Yes
Reviewed By: adamelijahReview Date: 8/11/16 2:06 am
2 out of 2 found this review helpful.

Even with Episode 3 still missing, this is a tremendous story and one of the strongest of the Troughton era. The story finds the Doctor, Jamie, and Victoria arriving in the London underground, which is being terrorized by the Yeti and the Great Intelligence.

The story is noteworthy for featuring the first appearance of Nicholas Courtney as the Lethbridge-Stewart (here as a Colonel), which would be enough to make it a must-see, but it's a very well-acted story overall, that's chock full of mystery and intrigue, particularly over who is being controlled by the Great Intelligence, a question that is only answered in the final moments of the story. The directing is superb leading to many great atmospheric moments.

The entire cast is superb with Frasier Hines turning in one of his best performances as Jamie, showing a take charge attitude and a willingness to even challenge Lethbridge-Stewart. He even overrides the Doctor's plan with his own.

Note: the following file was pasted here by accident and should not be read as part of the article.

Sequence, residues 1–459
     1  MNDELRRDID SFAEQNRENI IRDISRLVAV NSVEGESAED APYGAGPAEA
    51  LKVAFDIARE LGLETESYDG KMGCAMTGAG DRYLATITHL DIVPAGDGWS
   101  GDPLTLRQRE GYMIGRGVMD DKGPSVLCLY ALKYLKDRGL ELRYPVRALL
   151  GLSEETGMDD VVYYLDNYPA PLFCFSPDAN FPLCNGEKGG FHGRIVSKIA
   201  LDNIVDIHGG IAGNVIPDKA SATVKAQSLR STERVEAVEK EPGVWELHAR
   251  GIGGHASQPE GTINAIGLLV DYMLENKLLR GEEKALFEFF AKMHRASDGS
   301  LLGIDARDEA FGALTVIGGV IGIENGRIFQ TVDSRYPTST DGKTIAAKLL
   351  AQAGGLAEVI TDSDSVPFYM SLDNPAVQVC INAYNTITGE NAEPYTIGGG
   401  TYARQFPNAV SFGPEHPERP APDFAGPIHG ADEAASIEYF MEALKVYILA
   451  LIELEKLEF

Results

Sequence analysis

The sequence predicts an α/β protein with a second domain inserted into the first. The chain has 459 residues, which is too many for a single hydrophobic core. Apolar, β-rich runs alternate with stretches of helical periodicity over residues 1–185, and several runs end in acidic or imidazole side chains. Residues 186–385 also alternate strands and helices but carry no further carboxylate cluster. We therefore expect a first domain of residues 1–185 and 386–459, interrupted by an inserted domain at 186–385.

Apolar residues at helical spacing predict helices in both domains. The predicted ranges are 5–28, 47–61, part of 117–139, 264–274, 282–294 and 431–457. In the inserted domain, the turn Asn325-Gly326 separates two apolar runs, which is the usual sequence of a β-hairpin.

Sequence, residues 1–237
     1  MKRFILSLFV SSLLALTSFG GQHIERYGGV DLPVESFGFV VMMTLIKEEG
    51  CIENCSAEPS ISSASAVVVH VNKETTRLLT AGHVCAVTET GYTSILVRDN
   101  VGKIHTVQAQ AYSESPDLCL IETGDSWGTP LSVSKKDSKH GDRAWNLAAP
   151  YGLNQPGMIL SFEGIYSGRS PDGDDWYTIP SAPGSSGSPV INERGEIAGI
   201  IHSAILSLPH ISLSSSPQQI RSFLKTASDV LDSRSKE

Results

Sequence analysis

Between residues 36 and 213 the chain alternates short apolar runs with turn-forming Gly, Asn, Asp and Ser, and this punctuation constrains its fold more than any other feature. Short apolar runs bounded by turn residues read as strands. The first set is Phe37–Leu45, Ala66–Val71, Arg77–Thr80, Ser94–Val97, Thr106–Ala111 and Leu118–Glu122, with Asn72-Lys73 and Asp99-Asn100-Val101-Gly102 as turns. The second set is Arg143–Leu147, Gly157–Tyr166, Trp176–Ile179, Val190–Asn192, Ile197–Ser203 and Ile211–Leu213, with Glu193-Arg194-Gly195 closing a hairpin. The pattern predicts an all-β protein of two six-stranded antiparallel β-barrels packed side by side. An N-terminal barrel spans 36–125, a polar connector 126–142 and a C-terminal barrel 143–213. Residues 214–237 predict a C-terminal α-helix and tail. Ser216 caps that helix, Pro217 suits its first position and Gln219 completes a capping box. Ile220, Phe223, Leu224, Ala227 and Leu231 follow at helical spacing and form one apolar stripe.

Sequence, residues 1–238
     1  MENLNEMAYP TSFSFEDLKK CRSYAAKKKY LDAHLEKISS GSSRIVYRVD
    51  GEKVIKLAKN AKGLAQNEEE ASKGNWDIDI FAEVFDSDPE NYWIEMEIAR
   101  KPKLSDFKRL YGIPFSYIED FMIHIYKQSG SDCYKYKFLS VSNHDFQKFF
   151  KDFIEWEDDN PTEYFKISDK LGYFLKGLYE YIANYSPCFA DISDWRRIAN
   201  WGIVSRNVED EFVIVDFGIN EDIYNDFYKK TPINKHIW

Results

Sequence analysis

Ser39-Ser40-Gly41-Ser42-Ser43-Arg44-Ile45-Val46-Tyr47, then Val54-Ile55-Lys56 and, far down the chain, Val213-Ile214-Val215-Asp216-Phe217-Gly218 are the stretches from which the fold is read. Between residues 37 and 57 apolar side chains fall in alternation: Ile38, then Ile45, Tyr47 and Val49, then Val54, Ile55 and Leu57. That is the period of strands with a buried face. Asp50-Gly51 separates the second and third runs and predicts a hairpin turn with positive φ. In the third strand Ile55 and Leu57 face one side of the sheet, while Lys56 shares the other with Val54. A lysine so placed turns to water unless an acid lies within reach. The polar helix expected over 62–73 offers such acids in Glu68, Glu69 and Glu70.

From start to finish, this is a great story that we're blessed to have (mostly) back.

Other Recommendations

From the Reviewer:
User Rating:
8
Plot Rating:
8
Acting Rating:
8
Replay Rating:
7
Effects Rating:
7
Has Prerequisite(s):
Unsure
Reviewed By: AlfredReview Date: 10/12/15 6:05 am
0 out of 0 found this review helpful.

Quite a good Who episode.

The plot works in the peculiarity of the Yeti, that they are powered by a metallic looking sphere, pretty well. The reintroduction of Professor Travis from the original Yeti episode, The Abominable Snowmen, is a nice touch. The denouement also has a neat twist to it and the sub-plot concerning the identification of the spy would have worked well when first aired and Courtney was an unknown. Otherwise it is a satisfactory stock standard base under seige episode. It is not particularly taut from a story-telling perspective but neither does it contain mere padding scenes.

Unit fans will enjoy the first appearance of Nicholas Courtney as the (prepromotion!)Colonel Lethbridge-Stewart.

5 of the 6 episodes are now extant. The missing episode 3 has the audio track and a pretty good sequence of stills from the original.

An inexcusable shortcoming with the production is the use of the cybermen drums theme for the Yeti in some key sequences.